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Acad Emerg Med. 2005 Nov;12(11):1071-7.

Resuscitation research involving vulnerable populations: are additional protections needed for emergency exception from informed consent?

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Department of Emergency Medicine, University of Pennsylvania School of Medicine, Philadelphia, PA, USA.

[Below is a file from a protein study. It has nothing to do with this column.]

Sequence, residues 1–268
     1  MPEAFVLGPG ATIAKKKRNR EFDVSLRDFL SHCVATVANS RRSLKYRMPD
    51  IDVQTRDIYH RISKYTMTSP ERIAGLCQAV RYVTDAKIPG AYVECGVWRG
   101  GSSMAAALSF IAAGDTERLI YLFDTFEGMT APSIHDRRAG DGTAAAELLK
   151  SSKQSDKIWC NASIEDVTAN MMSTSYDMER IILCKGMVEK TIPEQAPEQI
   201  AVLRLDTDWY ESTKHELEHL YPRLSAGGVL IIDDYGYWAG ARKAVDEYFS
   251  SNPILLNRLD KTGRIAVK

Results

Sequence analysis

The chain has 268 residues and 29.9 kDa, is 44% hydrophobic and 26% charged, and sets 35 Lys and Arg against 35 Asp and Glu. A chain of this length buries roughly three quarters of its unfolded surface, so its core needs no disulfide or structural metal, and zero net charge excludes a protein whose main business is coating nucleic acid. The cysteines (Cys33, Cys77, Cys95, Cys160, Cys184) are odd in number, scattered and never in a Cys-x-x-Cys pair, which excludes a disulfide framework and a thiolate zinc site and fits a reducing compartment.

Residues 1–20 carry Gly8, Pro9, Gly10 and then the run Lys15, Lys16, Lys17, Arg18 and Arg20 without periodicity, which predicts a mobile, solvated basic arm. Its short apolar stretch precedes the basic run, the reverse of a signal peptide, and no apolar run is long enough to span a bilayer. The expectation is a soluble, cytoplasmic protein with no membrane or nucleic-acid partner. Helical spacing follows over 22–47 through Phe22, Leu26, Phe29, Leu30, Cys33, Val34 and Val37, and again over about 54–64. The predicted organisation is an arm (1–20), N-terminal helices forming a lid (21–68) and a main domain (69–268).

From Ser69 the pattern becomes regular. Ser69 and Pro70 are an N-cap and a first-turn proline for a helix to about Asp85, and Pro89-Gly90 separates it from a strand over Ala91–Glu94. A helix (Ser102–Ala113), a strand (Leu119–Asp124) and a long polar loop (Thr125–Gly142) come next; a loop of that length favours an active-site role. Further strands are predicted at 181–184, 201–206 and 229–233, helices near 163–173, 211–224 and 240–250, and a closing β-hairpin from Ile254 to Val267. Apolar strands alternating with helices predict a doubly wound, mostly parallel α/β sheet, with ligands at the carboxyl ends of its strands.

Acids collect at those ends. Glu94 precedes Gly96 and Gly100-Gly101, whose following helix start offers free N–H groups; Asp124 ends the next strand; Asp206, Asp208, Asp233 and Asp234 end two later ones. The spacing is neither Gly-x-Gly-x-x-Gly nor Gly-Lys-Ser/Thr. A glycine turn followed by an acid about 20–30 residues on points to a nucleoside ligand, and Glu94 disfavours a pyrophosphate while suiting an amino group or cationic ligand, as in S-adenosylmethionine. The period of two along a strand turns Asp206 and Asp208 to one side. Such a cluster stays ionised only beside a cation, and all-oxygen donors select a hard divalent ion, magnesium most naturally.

The application of basic ethical principles to resuscitation research and other research in the emergency and critical care settings presents a particular challenge. The emergency exception from informed consent (EFIC) rule (21 CFR 50.24 and 45 CFR 46.101[i]) addresses a particular vulnerability: that which occurs when persons cannot consent due to acute loss of decisional capacity. The question arises as to whether populations defined as "vulnerable" are unique within studies to which EFIC applies. This report details the proceedings of a breakout session of the 2005 Academic Emergency Medicine Consensus Conference, "Ethical Conduct of Resuscitation Research," that dealt with this issue. Topics addressed were 1) the applicability of the term "vulnerable" in research using EFIC; 2) the relationship between vulnerability, exploitability, and capacity; 3) the significance of vulnerability in research design; 4) the adaptation of the informed consent process to the emergency setting; and 5) the role of the institutional review board. Ten consensus recommendations emerged from the discussion. Of particular importance was the endorsement of the idea that research using EFIC is as important in vulnerable populations as in the general population and that the systematic exclusion of vulnerable populations from resuscitation research is inappropriate.

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